31 May 2006

Counting of the Omer: 49 or 50 Days?

As today we have reached the 48th day of the counting of the omer,
tomorrow will be the 49th day. However, what will be with Shavuos - will we count it as the fiftieth day?
According to the Torah (Lev. 23.16), the commandment seems to imply that we should count fifty days. Although one could then say, "Oh, that's just the Torah. The rabbis surely must have cut it down to counting only 49 days like we do nowadays." However, Rabbi Yose, son of Rabbi Yehudah said that we are supposed to specifically count 50 days! Furthermore, no one in the Talmud - either tanna or amora - disagrees with him.
So far, the score is Torah & rabbis both going for 50 days and no one for 49.
However, Tosafos in Menahos says that they count 49 days, so how come the Talmud says 50? What's trememendously interesting here is the primacy Tosafos gives ongoing practice over prescribed law. While Rosh tosses Tosafos two suggestions in favor of another possibility, it's still a befuddlement to me why we count only 49 and not 50 days. While I have prepared a sheet (in Word format) for a presentation on Shavuos night at shul on this topic, I was wondering how come in between late antiquity and the early medieval period people stopped counting the fiftieth day? Is it maybe because the fiftieth day is to be counted on the holiday of Shavuos and at some point the counting got dropped from the liturgy? Anybody?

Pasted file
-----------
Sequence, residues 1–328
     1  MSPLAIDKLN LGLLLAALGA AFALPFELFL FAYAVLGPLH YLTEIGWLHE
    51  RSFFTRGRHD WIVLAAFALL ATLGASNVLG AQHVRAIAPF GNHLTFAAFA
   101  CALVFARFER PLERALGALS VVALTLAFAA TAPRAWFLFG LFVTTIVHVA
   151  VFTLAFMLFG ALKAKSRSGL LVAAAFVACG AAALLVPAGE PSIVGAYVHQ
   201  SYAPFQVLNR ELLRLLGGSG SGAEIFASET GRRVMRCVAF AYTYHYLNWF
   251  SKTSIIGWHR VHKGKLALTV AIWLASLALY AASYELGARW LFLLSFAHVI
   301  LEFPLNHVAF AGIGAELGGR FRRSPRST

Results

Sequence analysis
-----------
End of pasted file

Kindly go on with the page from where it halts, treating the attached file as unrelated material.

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8 comments:

Avrum said...

Any chance you can post your source sheet for those of us that won't be in the heights over shavuot?

Drew_Kaplan said...

Avrum,
I already linked the Word document in the posting. Do you need it to be posted on the blog?

Anonymous said...

It seems that you posted a link to Mt. Sinai Shul, not to your source sheet.

Avrum said...

I think you have something wrong with your link. I only see the 2 wikipedia links and the link to mt sinai's website. I would guess you meant to link to your source sheet and the shul website and it was merged into one link?

Drew_Kaplan said...

It's fixed now.

Anonymous said...

"I was wondering how come in between late antiquity and the early medieval period people stopped counting the fiftieth day? Is it maybe because the fiftieth day is to be counted on the holiday of Shavuos and at some point the counting got dropped from the liturgy? Anybody?"

Why do oyu think people used to count 50 days and suddenly stopped in "late antiquity," as you say? The gemara never indicates anywhere that 50 days were counted.

Drew_Kaplan said...

Last Anonymous,
I mentioned in my post that "Rabbi Yose, son of Rabbi Yehudah said that we are supposed to specifically count 50 days", which is to be found in both Menahot 65b and Sifra, Emor 10:12. It is true, as you point out, that from a descriptive standpoint, the Talmud never states that 50 days were counted. However, we now move into a rough area: if we say there are a lot of things in the Talmud which people say to do, does that mean that they were ever done? We should take it on face value that since no one in the Talmud argues on him, then that's what was done, which prompts Tosafos to ask his/their question.

Drew_Kaplan said...

it seems that I'm not the only one making a tease posting about this upcoming holiday at Mt. Sinai - Josh has now put something up.